A pixel perfect view is available to make sure you get every detail in your icons and typography spot-on.
I prefer to create icons little by little while using the fantastic ‘snap to nearest pixel’ feature to ensure a crisp clean quality to each component. No more fiddling with nodes until it snaps into place; Sketch has a 1 click button to solve all your woes.
Typographic manipulation is extremely good also with decent live font previews, stackable outlines and gradients, fill effects for outlines along with the ability to have linked styles affecting all paragraphs of the same style across the document.
Font rendering also uses the default OS X rendering engine which is great for honestly rendered type, and although seeing how it would render on other systems would be beneficial, I believe it would be feature bloat to add right now given the move toward higher pixel density devices. Furthermore, typophiles may allow or remove ligatures on typefaces that support it. When working on heavily typographic pieces, you may also make sure of the text styles that allow you to cascade all modifications to a certain style across the document.
If you ever decide that you wish to revert to a previous version of your work, Sketch also ties in perfectly with OS X versions, letting revisions roll back little by little.
This post shall be continually updated to reflect my method of working and to further flesh out more of the details. If you want more detail on other features of Sketch or would like me to delve deeper into a particular feature mentioned above, feel free to tweet @joshcollie.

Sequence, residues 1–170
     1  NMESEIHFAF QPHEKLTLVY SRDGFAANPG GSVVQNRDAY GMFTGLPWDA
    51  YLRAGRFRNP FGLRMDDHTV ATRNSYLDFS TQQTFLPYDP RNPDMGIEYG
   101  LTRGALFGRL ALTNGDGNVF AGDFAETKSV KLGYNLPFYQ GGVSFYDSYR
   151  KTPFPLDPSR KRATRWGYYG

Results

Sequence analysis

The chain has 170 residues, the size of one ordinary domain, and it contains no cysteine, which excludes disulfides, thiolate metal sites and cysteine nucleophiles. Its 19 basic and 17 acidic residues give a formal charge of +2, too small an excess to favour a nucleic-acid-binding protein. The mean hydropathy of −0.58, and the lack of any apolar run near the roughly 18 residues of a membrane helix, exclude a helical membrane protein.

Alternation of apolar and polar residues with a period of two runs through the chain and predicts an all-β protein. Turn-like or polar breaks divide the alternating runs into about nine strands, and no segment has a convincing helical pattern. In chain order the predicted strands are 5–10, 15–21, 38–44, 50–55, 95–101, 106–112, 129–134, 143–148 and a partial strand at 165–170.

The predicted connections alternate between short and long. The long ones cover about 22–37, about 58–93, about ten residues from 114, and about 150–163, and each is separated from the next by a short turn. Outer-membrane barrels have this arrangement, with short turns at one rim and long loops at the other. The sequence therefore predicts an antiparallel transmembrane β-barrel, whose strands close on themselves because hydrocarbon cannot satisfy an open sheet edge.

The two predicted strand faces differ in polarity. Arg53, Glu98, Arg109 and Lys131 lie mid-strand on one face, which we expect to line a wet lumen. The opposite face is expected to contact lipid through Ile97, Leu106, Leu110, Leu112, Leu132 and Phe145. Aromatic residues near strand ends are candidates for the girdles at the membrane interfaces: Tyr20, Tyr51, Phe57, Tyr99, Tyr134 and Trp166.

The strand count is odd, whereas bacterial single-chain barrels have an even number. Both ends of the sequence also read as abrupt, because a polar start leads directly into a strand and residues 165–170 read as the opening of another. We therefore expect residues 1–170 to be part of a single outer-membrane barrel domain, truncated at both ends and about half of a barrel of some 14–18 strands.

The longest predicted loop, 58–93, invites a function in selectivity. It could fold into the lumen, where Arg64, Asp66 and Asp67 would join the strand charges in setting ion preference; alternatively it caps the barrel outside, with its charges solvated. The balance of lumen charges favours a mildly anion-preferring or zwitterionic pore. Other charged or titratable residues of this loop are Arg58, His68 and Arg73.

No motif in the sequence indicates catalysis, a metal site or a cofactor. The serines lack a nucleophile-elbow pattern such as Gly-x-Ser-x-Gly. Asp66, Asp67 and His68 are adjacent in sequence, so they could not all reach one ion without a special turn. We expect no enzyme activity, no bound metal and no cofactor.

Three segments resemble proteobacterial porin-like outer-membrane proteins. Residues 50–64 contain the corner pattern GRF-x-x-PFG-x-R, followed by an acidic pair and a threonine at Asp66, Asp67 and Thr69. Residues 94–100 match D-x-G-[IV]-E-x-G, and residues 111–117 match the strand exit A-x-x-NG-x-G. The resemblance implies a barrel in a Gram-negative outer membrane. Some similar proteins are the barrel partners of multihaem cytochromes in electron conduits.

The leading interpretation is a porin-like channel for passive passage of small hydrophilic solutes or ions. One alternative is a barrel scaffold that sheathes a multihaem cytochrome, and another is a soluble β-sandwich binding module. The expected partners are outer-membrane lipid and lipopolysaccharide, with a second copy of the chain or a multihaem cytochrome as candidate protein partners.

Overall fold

Sketch is still in active development and there are a few features that arise time and time again from discussions with fellow Sketch users.
A smattering more bitmap editing features would be sorely loved. Fireworks always had a good ration of bitmap to vector features and it much appreciates to see some of these employed into Sketch.
Symbols shall be implemented in version three so you shall not have to wait much longer.
Some feedback I have already provided the team with concerns the lack of other exporting options such as PNG 8 or 24 formats.
Sketch includes the ability to create and use plugins in order to further enhance its abilities. Plugins such as Framer (brought to my attention by @botalpha), which is still in development, heralds great prosperity for a vibrant plugin community in the future.
Overall, many users are contributing useful feedback on the Sketch discussion board. Unlike the Adobe boards, the majority of these queries are answered or solved in little time, giving me hope for the future of the Sketch community.
Every designer has their own tools to accomplish their job whether it be Photoshop, Fireworks or Illustrator. My intent is to not convince people to drop their tools and move to Sketch, but I do encourage you to download the Sketch demo and try using it for just one project. Step outside your comfort zone. The best things are those yet to be discovered.